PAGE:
equal = being better?

Scalar comparison of equality indicates “at least equal”
In the absence of indications to the contrary, a scalar [= ‘clever’ in [i] below] comparison of equality is interpreted as “at least equal”, not “exactly equal”:

i) Jill is as clever as Liz. [Jill may be cleverer]
ii) Jill isn’t as clever as Liz [Jill must be less clever]

Example [i] is consistent with Jill being cleverer than Liz: we can say Jill’s as clever as Liz, somewhat more so in fact. [n] Scalar equality therefore normally exclude only the relation of inferiority: it gives a lower bound. . . . . .

[n] This can indeed apply also to equal itself, as in Kim is the equal of Pat when it comes to solving crossword puzzles (which is consistent with Kim being better) or We hope to equal last year’s profit (consistent with bettering it). (CGEL, p.1100~1101)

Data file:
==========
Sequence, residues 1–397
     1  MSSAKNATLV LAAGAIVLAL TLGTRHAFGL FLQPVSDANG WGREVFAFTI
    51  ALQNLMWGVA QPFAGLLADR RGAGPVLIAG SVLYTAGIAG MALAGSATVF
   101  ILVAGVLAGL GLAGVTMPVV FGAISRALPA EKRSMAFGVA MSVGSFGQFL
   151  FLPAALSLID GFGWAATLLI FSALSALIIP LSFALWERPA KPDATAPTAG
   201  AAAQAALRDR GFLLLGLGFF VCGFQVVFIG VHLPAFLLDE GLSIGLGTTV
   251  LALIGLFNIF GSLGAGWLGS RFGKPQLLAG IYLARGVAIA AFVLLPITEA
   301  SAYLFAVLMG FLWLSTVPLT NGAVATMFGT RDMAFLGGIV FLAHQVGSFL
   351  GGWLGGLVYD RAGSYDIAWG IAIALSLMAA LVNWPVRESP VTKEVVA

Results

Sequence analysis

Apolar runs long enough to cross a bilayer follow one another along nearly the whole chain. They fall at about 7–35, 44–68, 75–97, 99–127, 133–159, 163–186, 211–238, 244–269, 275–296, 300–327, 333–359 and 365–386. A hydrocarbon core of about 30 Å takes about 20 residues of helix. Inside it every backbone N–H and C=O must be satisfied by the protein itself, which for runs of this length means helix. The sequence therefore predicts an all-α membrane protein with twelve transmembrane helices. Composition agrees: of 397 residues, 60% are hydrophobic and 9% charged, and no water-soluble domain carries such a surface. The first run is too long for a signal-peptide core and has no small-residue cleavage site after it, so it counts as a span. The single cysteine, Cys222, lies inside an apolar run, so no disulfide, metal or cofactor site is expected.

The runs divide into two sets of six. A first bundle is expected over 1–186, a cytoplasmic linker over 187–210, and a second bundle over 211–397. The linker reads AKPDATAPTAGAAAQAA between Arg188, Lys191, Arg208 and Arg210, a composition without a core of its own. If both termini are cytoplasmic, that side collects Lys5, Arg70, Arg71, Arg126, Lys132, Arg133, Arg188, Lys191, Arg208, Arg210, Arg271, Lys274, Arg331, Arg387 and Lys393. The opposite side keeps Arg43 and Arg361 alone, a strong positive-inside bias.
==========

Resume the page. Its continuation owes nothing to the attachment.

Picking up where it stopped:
1. as ~ as:
Does the phrase “at least equal” refer to as ~ as construction or one of *as*s?
(I want to know whether the meaning comes from the structure or the lexical meaning.)

2. equal:
I don’t find any lexical source that equal implies being better. Is there any dictionary saying the meaning?

• You're mistakenly assuming "Jill is as clever as Liz" means the same as "Jill is at least as clever as Liz". In actual fact, if people really have that second meaning in mind, they'll normally either include at least, or they'll say something like "Jill is as clever as Liz - if not cleverer" (or maybe more clever, since that particular adjective doesn't sit well with the -er suffix). Sep 1, 2013 at 14:55
• Yes, I'm with FumbleFingers on this one. Despite the text you've quoted, I would naturally assume that "Jill is as clever as Liz" means that the two are equally clever, or quite nearly so. If I meant something different, I'd add qualifiers. Sep 1, 2013 at 15:55